Yesterday, when things were starting to look especially bad for Southwest, I fired up the old Google Flights machine to find a backup way to get to New York City.
From Minneapolis (MSP), there weren't too many options left and there were exactly zero affordable options. Still, this was on the earlier end of the Southwest meltdown, so there were far more and cheaper options than there are now. As of this writing, there's nothing to NYC for less than $500 in economy on Wednesday or Thursday.
While I really didn't want to shell out $500 for a one-way positioning flight, I did have some Delta SkyMiles sitting in my account, so I used them to buy a provisional flight to New York City Thursday morning just in case Southwest axes my current plans. The new flight booking cost me an ungodly amount of SkyMiles…like, really bad guys…
My hope is that Southwest operates my flights as normal and then I can cancel this Main Cabin SkyMiles booking and have those miles redeposited in my account.
But if not, I have a way to make my flight Thursday night out of NYC. As long as I don't check in for my Delta flight, I will be allowed to cancel for a full SkyMiles and taxes and fees refund because it's a Main Cabin fare. Fingers crossed I can do so.
Knowing My Rights
So, the walls are closing in on my Southwest flights. It is statistically unlikely my flights will operate tomorrow, so I need to know how to get a refund if and when they cancel my itinerary.
For one, Southwest has issued a system-wide change waiver for all flights through Jan. 2, meaning you can rebook yourself onto any other flight without any change fees or fare difference. That, of course, is easier said than done considering how few available seats there are in Southwest's network right now. If you can, your best bet is to punt your booking as far as 14 days out from your original flight (which is the maximum allowed by the waiver).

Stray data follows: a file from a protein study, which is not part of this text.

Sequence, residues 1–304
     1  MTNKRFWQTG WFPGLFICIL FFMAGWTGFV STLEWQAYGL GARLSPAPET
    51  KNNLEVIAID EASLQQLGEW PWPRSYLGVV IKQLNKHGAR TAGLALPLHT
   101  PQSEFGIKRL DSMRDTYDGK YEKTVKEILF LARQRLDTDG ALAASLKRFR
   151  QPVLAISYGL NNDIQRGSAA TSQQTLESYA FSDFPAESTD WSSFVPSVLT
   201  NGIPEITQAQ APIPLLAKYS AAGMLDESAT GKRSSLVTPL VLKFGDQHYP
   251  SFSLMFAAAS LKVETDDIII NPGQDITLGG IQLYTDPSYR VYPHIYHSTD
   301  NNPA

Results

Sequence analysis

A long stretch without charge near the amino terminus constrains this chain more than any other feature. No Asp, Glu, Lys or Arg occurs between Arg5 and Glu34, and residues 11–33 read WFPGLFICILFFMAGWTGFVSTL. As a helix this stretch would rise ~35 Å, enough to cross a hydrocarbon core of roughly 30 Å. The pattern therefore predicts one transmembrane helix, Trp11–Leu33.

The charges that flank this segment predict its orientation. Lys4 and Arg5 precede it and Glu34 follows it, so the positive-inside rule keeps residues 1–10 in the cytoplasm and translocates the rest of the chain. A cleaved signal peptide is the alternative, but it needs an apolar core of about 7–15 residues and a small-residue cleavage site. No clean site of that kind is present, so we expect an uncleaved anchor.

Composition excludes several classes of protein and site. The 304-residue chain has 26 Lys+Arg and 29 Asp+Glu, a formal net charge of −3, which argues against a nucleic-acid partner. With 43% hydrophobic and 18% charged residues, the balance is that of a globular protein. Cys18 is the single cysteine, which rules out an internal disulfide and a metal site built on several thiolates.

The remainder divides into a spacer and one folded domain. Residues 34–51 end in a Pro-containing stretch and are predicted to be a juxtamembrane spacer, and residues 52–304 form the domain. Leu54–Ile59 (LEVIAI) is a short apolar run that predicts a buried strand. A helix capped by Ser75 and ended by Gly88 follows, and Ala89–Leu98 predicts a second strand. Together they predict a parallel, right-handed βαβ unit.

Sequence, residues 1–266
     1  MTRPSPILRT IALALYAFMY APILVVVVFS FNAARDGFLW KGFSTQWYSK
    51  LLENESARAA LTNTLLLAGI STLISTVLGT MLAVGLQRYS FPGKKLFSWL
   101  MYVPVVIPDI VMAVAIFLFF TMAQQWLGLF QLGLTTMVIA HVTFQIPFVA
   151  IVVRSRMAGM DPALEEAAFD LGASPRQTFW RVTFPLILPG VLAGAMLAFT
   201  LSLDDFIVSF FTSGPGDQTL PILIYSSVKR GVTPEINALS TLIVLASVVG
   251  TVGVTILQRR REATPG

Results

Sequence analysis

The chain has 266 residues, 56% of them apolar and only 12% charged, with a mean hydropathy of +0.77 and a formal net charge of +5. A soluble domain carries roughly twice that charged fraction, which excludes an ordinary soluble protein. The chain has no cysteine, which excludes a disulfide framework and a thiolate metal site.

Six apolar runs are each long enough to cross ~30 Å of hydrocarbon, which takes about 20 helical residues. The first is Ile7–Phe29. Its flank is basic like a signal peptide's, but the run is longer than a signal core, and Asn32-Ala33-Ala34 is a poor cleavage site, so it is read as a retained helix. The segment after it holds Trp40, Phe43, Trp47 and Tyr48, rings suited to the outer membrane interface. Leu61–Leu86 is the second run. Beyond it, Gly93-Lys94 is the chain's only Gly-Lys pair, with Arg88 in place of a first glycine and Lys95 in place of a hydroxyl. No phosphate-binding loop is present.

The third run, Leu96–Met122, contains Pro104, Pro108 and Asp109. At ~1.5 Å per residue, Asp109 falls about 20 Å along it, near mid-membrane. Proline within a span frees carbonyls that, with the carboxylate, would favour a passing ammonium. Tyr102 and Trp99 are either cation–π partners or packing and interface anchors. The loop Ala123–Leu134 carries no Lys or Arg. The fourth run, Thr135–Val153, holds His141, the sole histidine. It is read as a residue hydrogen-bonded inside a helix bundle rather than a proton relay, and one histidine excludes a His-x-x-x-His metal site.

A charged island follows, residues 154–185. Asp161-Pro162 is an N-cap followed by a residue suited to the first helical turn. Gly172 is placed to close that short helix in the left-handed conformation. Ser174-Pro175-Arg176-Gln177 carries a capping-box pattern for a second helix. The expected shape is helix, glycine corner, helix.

If you can't do that, however, you'll have to request a refund from Southwest if they cancel your itinerary. You can do so on Southwest's website by entering your confirmation number and your first and last name.
Remember: If Southwest cancels your flight, you are due a refund by law. Make sure you request your refund as soon as you can after your cancellation.
Also, you could potentially be reimbursed for some other travel expenses incurred as a result of the cancellations between Dec. 24 and Jan. 2. You have to go through this contact page on Southwest's website. It's important to note that Southwest does not have to honor your requests if they deem them unreasonable. The criteria for “reasonable requests” isn't listed, but Southwest's site does say it will honor reasonable requests for hotel, meal, or alternate transportation reimbursements.